Native seniors’ house might fumigate total constructing to fight bedbugs

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“It is the house’s duty to ensure that all pests in the house are treated in a timely manner,” said the regulator’s official

A local senior residence is currently struggling with a bug infestation.

Bayview Retirement Home hired a pest control company to rid the Waubaushene facility of the annoying creatures.

“We are looking into the possibility of fumigating the entire building,” said Bayview manager Tracy Franks.

Franks said they had Abell Pest Control under contract to fix the problem.

“They come once a month and treat the bedbugs for us,” she said, noting that getting rid of the bedbugs completely without fully fumigating the premises might prove too difficult.

“They (now) spray different rooms and make sure that they (bed bugs) are not in other rooms as well.”

The Tay Township residence is home to 24 residents and employs around 10 people.

Franks said that given the bed bug infiltration and to solve the problem once and for all, the more drastic full fumigation option may be needed.

“We’re not making any headway, let’s put it that way,” she said, noting that staff fully understand and appreciate the concerns of residents and are trying to do something about it.

“We are currently reviewing a plan to spray the entire upper floor and the main floor the next day or so.”

Franks said inspectors from the Simcoe Muskoka District Health Unit and the Nursing Home Inspectorate (RHRA) were at the home.

“They said we are doing everything we should and they are not concerned,” said Franks.

RHRA spokesman Phil Norris said his agency was made aware of the issue through a mandatory report on July 21, and the matter was immediately escalated for review.

“An inspector visited the home on July 27th to conduct a mandatory report inspection – an inspection that is carried out in response to any suspected, suspected, or observed abuse, neglect, improper care, or illegal behavior that creates a risk of harm or harm to Residents, ”said Norris.

“During an inspection, RHRA inspectors usually speak to management, staff and residents of the home as necessary and review the relevant documentation to make a thorough assessment of all problem areas.”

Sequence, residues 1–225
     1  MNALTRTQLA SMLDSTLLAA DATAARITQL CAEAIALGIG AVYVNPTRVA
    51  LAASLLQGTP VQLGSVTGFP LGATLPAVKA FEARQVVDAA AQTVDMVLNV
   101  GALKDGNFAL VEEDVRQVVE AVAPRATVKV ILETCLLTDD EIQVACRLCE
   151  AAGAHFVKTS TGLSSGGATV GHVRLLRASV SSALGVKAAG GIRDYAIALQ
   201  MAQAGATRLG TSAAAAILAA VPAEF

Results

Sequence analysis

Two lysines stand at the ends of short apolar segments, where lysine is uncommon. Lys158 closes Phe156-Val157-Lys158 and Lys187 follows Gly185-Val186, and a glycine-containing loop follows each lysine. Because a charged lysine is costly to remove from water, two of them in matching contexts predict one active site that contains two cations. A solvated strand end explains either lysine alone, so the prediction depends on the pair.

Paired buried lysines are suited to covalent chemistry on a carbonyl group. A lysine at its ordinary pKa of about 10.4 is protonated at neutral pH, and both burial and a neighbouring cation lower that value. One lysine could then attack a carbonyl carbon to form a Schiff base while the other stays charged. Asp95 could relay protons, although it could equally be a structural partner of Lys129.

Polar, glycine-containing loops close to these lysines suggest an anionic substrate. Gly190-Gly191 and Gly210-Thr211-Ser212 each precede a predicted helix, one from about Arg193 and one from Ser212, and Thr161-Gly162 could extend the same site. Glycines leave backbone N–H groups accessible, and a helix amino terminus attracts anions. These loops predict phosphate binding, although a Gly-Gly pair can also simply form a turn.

Norris said the purpose of an inspection is to determine if a home complies with the Retirement Homes Act (2010).

“After an inspection, a draft inspection report is sent to the home that includes all non-compliance findings,” he said. “The home then has the opportunity to demonstrate what corrective action it has taken to achieve compliance.

“A final report is then published publicly on our website, which shows all the results and their results.”

Norris said it could take several weeks for the final inspection report to be available.

“However, in many situations we expect a home to take immediate action to address concerns and we will reach out to the home to ensure they take the necessary steps to do so,” said Norris.

“If at any point there is evidence that the house is not meeting its obligations to protect residents from harm or risk of harm, we can take additional measures if necessary.”

Norris noted that the law requires homes to ensure that procedures are in place to keep the home free from pests.

“It is the home’s duty to ensure that all pests in the home are treated in a timely manner and the RHRA will hold homes accountable for this,” he said, adding that his agency has no statistical information on the incidence of bedbugs in Retirement homes.

“But in similar situations, we have worked with the homes as well as our community partners, including local public health, to ensure that residents can live in their homes in confidence, safety and dignity.”